The particular qualities of Baeumler’s practice appear in her role in the realisation of Bruce Vento Nature Sanctuary Project.  Since 1994 she has worked, as local resident and artist, on community-led ecological restoration initiatives on the East Side of Saint Paul, Minnesota. These projects have been realised through collaborations with local residents, ecologists, hydrologists, engineers, University of Minnesota art students, the Como Park Conservatory Youth program and the East Side Youth Conservation Corps of the Community Design Centre. As a member of the Friends of Swede Hollow Park and a founding member of the Lower Phalen Creek Steering Committee, Baeumler worked with community activists and City officials to transform a twenty-seven acre heavily polluted rail-yard beside the Mississippi into the Bruce Vento Nature Sanctuary, now a city park. An important dimension of the critical translation central to this project is her membership of Healing Place, founded by Dakota artist and activist Mona Smith, which aims to heal connections between people and places formally sacred to the Dakota Nation, of which the park is a significant example.

Chris Baeumler has also served as Artist-in-Residence in the Minnesota Capitol Region and the Ramsey Metro Washington Watershed Districts, working with these governance units on large-scale water infrastructure projects intended to raise the visibility of water infrastructure and quality issues through educational and aesthetic interventions. Her interest in water systems then led her to form the team, including an engineer and ecologist, who created Reconstituting the Landscape: A Tamarack Rooftop Restoration. This micro bog ecosystem is located above the entryway to the Minneapolis College of Art and Design. This calls attention to the fragile tamarack bog ecosystem under threat in Minnesota, replicating it in miniature as green rooftop infrastructure, and led to her making Bogs, A Love Story, a documentary film about six different bog experts.

Baeumler has recently animated both educational and regional governance debates through Pollinators at the Plains project, based on a sustainable redesign of the Plains Art Museum’s outdoor campus in Fargo, North Dakota. This included a youth internship program and work with artist and horticulturist Seitu Jones. The educational focus her links directly to Baeumler’s work at the University of Minnesota teaching courses that engage students in creatively working with systems of water, food, transportation and civic engagement between art, ecology, climatology and social studies. As with both Cathy Fitzgerald and Simon Read – and in the tradition of Joseph Beuys – the educational dimension of her work needs to be seen as inseparable from her expanded creative praxis as a whole.

I want to end by paraphrasing a conversation between Ffion Jones, a representative of Natural Resources Wales, the academic and activist Dr Alex Plows, and others involved in a major Hydro-citizenship project. This took place in Taly Bont memorial hall in February this year and I’m grateful to Alex, who translated this exchange from the Welsh.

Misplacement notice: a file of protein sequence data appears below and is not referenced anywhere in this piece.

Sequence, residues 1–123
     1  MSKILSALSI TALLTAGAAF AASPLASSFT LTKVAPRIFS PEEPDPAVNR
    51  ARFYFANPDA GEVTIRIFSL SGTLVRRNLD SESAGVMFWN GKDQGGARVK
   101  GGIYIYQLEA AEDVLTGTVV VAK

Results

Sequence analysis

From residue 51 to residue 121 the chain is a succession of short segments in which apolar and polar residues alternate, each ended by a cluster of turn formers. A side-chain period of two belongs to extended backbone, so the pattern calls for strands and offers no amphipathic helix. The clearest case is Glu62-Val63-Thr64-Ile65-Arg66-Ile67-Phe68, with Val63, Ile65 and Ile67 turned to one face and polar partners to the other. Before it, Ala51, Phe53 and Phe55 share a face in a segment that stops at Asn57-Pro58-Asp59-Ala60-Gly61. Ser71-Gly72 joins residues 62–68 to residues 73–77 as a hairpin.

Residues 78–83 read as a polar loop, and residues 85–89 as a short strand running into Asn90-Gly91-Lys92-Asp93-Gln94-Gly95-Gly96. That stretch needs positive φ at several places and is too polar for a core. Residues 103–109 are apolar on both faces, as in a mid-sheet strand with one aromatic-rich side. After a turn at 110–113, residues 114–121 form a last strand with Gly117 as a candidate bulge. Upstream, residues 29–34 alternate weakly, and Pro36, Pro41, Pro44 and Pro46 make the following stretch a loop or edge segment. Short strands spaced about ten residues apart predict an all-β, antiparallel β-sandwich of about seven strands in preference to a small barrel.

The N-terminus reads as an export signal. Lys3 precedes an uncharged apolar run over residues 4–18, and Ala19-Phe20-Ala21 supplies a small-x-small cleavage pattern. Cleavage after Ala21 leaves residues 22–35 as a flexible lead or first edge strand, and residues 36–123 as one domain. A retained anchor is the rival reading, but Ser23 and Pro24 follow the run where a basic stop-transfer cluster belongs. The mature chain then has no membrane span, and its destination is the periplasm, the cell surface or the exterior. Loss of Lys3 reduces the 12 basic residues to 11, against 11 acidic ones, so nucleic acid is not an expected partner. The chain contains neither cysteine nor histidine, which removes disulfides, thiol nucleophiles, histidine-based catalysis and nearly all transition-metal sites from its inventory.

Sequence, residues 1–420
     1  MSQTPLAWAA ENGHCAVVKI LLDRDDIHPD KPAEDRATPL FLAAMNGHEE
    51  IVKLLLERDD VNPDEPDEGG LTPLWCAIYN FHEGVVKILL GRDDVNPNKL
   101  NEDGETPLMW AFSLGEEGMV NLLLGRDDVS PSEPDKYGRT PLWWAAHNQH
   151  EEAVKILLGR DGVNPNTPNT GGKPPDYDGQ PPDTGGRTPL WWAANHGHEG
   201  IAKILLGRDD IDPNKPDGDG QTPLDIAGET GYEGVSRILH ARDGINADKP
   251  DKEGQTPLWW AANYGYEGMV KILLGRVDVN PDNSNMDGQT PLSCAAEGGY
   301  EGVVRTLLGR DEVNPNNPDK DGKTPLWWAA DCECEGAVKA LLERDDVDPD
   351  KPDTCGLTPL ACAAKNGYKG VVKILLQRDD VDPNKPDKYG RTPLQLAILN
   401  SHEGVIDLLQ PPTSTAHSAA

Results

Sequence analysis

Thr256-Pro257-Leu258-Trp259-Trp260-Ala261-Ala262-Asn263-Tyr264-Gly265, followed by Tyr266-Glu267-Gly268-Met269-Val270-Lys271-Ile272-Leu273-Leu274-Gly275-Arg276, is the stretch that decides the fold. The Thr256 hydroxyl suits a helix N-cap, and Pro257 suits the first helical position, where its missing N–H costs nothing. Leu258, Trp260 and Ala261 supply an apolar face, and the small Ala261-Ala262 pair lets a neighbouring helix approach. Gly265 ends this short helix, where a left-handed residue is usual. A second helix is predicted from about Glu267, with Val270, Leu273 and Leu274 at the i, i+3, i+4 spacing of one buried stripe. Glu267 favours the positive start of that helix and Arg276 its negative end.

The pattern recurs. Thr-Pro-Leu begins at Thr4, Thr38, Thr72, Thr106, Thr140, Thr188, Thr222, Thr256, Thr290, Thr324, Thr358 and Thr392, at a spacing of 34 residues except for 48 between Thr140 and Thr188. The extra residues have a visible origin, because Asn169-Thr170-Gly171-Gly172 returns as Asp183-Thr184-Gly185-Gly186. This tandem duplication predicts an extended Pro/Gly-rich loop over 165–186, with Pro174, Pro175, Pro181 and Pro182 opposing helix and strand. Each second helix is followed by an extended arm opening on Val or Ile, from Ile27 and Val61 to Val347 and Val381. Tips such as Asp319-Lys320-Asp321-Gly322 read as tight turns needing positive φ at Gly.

Ffion is making a film on local farmers’ relationship to water that addresses their concern about changes that challenge their sense of being primarily food producers from an environmental perspective. To do this she has to mediate between past and present attitudes to water management, dipping, run off, and so on. In the past the Environmental Agency prosecuted local farmers over dipping practices, which had produced both change and a culture of resentment. The official assumption in the discussion was that this was partly because the agency hadn’t done a very good job of educating farmers, so that “stewardship of the countryside” had become negatively associated with enforcing compliance through bureaucratic means, which simply generated resentment and resistance. This was contrasted with practices elsewhere, which had focused on respecting/appreciating farmers’ own “local knowledge”.  This approach was seem as best supported by indirect mediation. This would mean that, rather than an Agency approaching farmers with a view to introducing their environmental agenda – which will then be coloured by a history of resistance – someone like Ffion who shares their values, doesn’t trigger the same reaction. The group then turned to discussing the role of the arts in ‘bridging and translating’, essentially along the lines I’ve outlined here.

What is distinct about the praxis of individuals like Ffion is that it speaks from within a rural life-world – informed by her being a farmer’s daughter, farmer and farmer’s wife but also by critical engagement as an academic and performer. By mediating between the multiple, often antagonistic, dimensions of that life-world, such work presents important insights. It constitutes an important and necessary alternative to top-down official governance perspectives – “we must educate farmers” – and to largely urban-based environmental lobbyists – by providing another informed voice.


For this to happen professionals working with governance and related agencies need to recognise that such praxes can both extend their own understanding and inform a more democratic and productive approach to the governance of place.  While individuals involved in the hands-on running of bodies like the UK’s National Parks are increasingly recognizing the value of such creative translation, they often lack support from those who write policy and control budgets. But today no professional body or governance agency can safely assume that it has the ethical authority, or even the practical ability, to catalyze the informed ‘civic environmentalism’ necessary to address the increasingly complex landscape issues we face.


If citizens are to commit themselves to bettering their environment, sometimes against their own short-term economic interests, new and empathetic forms of understanding need to emerge. This can only happen if the discursive arguments of governance professionals are translated into terms more sympathetic to broader and more empathetic public dialogues. The types of praxis I’ve identified have the power to facilitate a thoughtful and deeply felt mediation between governance professionals and the places and communities that ground rural life-worlds.


Thank you.